Here's more from another article on this story from the Lansing State Journal.
Debi Haigh of Eagle, at The Summit with her 9-year-old daughter, said she saw the same thing McClean saw.

"I was stunned," Haigh said. "One boy took a heck of a beating. He skated to the side holding his nose and wiping tears."
We usually don't find out about this kind of crap, it's done for the most part in secret and the kids are intimidated into silence by the very real fear of retaliation. When it does surface like in this instance I think the so-called adults involved should be dealt with severly.

Michigan law allows prosecution of anyone who encourages minors to engage in assault. I think they should apply that law in this case.

Update 10-21-05:
A youth hockey coach who allegedly ordered his players to go at each other with bare knuckles at an Oct. 11 practice session is under investigation by Michigan State Police.

Police became involved after the mother of one of the fighters filed a formal complaint, according to Detective Sgt. Kyle McPhee of the Lansing Post.

Wednesday, October 19, 2005

Alexander the Great

Hockey's New Human Highlight Reel

So far in this young season I think Alexander Ovechkin is the guy that has been the most impressive rookie on the ice in this new NHL. His amazing speed, lateral movement and overall feel for the game is something very special and extremely fun to watch.
"He is an exciting player," Philadelphia Assistant General Manager Paul Holmgren says. "Every time he gets the puck, he is trying to make something happen. He works just as hard in the defensive zone as the offensive zone."

Ovechkin is hoping everything will lead to a major prize.

"I want to be rookie of the year and win a Stanley Cup," he says.
Well Alex I think you got a good shot at the Calder but the Stanley Cup is out of reach for your club... this year anyways.
In addition to all his offensive talents he also plays excellent defense and hits like a runaway bull.
Ovechkin already has produced his share of highlight reel plays, and not only on offense.

On opening night against Columbus, Ovechkin delivered a bone-jarring hit on Radoslav Suchy only 40 seconds into the game that displaced a medal support holding the Plexiglas in place.

Ovechkin, who turned 20 last month, also knocked down a puck out of the air in game against Carolina on Oct. 12 and beat goalie Cam Ward with a backhand before crashing into the net.

Every Ovechkin goal elicits an elaborate celebration.
His maturity and the way he conducts himself both on and off-ice has also brought much praise from knowledgeable observers.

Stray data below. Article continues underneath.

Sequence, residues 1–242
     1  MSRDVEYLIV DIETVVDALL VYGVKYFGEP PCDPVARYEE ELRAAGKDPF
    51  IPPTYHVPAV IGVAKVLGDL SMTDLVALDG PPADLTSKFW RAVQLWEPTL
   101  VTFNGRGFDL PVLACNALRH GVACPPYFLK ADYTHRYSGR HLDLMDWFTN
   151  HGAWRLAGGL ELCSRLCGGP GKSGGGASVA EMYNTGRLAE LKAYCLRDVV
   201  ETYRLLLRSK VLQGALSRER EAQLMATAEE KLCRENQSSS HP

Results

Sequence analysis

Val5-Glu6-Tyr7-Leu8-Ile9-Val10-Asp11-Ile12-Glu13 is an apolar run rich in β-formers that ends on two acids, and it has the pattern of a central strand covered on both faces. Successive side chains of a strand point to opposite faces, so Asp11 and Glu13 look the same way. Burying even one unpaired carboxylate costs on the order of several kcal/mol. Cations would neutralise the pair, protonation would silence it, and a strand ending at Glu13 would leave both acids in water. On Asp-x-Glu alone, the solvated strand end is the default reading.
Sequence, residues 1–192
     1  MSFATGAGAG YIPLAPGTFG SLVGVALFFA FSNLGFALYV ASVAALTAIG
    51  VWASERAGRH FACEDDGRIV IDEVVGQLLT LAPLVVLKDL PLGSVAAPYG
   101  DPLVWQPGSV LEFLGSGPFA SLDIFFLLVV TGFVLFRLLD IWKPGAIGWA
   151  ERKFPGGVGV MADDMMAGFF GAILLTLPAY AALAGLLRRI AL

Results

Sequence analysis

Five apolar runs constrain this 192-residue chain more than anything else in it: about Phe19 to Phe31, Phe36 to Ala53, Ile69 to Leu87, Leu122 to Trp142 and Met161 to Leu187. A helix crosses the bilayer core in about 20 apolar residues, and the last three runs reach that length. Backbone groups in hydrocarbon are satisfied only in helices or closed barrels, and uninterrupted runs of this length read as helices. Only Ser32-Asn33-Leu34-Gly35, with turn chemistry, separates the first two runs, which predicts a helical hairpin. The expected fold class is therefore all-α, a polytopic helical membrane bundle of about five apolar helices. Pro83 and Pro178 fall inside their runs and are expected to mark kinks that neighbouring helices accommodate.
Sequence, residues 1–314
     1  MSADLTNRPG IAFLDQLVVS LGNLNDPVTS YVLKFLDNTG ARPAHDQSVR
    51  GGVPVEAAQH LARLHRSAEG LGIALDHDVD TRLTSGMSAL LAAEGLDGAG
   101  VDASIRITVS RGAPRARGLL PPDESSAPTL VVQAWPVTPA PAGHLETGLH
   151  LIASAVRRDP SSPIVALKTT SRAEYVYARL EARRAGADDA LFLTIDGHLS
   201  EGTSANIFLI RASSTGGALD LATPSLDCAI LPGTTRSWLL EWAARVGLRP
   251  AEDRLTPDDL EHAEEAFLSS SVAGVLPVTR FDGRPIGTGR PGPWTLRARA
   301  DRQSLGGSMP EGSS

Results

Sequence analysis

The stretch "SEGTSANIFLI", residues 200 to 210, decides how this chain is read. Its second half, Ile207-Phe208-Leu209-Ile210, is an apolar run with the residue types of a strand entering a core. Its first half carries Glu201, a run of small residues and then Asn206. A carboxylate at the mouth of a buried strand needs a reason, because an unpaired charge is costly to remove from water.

Ovechkin possesses eye-catching skills: outstanding speed, an accurate shot and the innate ability to anticipate a play. But Washington GM George McPhee says Ovechkin's mental makeup impresses him as much as anything.

..."He has tremendous character," McPhee says of Ovechkin. "He knows his place and how to carry himself around the other players. That's what usually separates the good ones. They have the physical abilities, but it's the character and what's inside. Those mental intangibles make the big difference."
Crosby's a very good player and will be a star in the NHL but Ovechkin plays hockey in a different realm... a higher one... and I think he's the one with a better chance at becoming a Superstar. So, the race for the Calder this year is by no means a one person contest, Alexander Ovechkin is making sure of that. If I were a betting man I'd put my money on the Big O to upset Sid the Kid for the trophy.


The best Hockey Video Game on the market in my opinion and those of many others will be the ONLY one available for the much anticipated launch of XBOX 360 which happens in November.
NHL 2K6 for the Xbox 360 looks to be a hit for the casual or hardcore hockey fan as it keeps the wonderful gameplay of its predecessors while adding great detailed graphics. Of course, NHL 2K6 will be helped by the fact that it is also the only NHL game coming out upon release for the Xbox 360 in November; obviously EA missed the boat on that decision.

In other gaming news I'll give you one guess which country has Hockey Games dominating it's sales charts ...occupying 5 of the top 6 spots?

Pond Hockeyapalooza

The game which many believe is played in it's purest form on ponds both here in North America and around the world will be on display this January in Minnesota where the first National USA Pond Hockey Championship will be held.
It's being billed as America's largest outdoor pond hockey tournament.

"While we all enjoy the pristine venues of professional, high school and college hockey these days, there's something to be said for the elements, the unnatural, the unpredictable and irregular pattern of pond hockey," said Gov. Tim Pawlenty, who was flanked by former Gov. Wendell Anderson, a member of the 1956 Olympic team that won the silver medal.

The tournament, set for Jan. 20-22, will feature up to 96 men's and women's teams of four people each. They'll play on 24 rinks shoveled off prior to the games by the two teams on deck.

Winners of three divisions will have their names etched on a giant golden shovel.
Finally, sorry I haven't been updating the Goal per Game stats lately but last nights average did jump back up to 7.2 after spending a couple days in the Dead Puck Era range of 5.0 which I attribute like Tom Bejamin to the ref's starting to back off on the calls. Maybe the league sent out a memo after reading Tom's mighty fine post.